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A common characaterization of Wiener's process is the following which I took directly from Wikipedia:

  1. $W_0 = 0$ a.s.
  2. $W$ has independent increments: $W_{t+u} - W_t$ is independent of $σ(W_s : s ≤ t)$ for $u ≥ 0$
  3. $W$ has Gaussian increments: $W_{t+u} - W_t$ is normally distributed with mean $0$ and variance $u$, $W_{t+u}−W_{t} \sim N(0, u)$
  4. $W$ has continuous paths: With probability 1, $W_t$ is continuous in t.

I think to remember that I once heard you can replace the normality assumption (3) by something weaker. Is this true? Maybe by the right first and second moments?

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That's interesting. Seems to me the fact that you can replace (3) by something weaker follows from the Central Limit Theorem, or at least by a CLT-ish argument. I wouldn't know what the fanciest result in this direction would be - there are all sorts of versions of things like the CLT, but it seems clear that at the very least one could replace (3) by the assumption that there exists $X$ with mean $0$ and variance $1$ such that $$W_{t+u}-W_t\sim X/u^{1/2}.$$Because then, noting that $$W_{t+u}-W_t= \sum_{j=1}^n(W_{t+j/n}-W_{t+(j-1)/n}),$$the independence of the increments shows via CLT that $W_{t+u}-W_t$ is arbitrarily close to normal, hence is normal.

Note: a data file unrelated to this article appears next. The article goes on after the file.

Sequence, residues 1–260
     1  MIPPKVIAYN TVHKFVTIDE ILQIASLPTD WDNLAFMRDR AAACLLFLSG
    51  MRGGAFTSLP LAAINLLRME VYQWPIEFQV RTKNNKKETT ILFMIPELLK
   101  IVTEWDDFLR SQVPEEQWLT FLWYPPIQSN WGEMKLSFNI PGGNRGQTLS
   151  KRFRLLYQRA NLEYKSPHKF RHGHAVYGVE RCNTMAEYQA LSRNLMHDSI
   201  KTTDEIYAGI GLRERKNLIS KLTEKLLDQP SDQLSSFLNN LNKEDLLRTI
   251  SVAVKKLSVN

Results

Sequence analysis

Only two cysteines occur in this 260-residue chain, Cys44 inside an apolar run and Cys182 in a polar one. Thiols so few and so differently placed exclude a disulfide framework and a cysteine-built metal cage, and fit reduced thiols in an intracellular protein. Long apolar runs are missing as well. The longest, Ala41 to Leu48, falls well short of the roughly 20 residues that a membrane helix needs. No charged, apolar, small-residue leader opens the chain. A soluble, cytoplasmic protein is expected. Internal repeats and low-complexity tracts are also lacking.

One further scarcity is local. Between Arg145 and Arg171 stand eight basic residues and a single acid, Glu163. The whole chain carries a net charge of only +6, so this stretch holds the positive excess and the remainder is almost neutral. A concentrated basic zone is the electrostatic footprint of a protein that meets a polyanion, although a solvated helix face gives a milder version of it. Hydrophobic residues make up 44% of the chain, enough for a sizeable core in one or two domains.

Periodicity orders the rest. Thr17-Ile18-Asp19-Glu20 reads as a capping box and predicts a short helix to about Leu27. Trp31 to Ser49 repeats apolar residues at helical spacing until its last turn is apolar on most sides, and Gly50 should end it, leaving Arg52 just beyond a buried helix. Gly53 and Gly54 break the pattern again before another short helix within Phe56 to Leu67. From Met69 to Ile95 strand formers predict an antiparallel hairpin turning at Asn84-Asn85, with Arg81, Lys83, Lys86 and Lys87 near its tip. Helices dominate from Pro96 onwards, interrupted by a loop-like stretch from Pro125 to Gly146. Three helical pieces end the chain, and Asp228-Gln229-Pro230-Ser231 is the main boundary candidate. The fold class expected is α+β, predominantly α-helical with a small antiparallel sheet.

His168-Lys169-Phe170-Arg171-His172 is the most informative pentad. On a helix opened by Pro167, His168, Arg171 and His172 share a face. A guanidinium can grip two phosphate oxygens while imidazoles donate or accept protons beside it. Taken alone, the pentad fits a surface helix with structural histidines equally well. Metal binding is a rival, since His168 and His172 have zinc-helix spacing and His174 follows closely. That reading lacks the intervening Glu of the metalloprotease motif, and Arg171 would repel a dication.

That's using the absolute plain vanilla CLT, for sums of iid variables with finite variance. Fancier versions of CLT will allow versions of (3) with weaker hypotheses.

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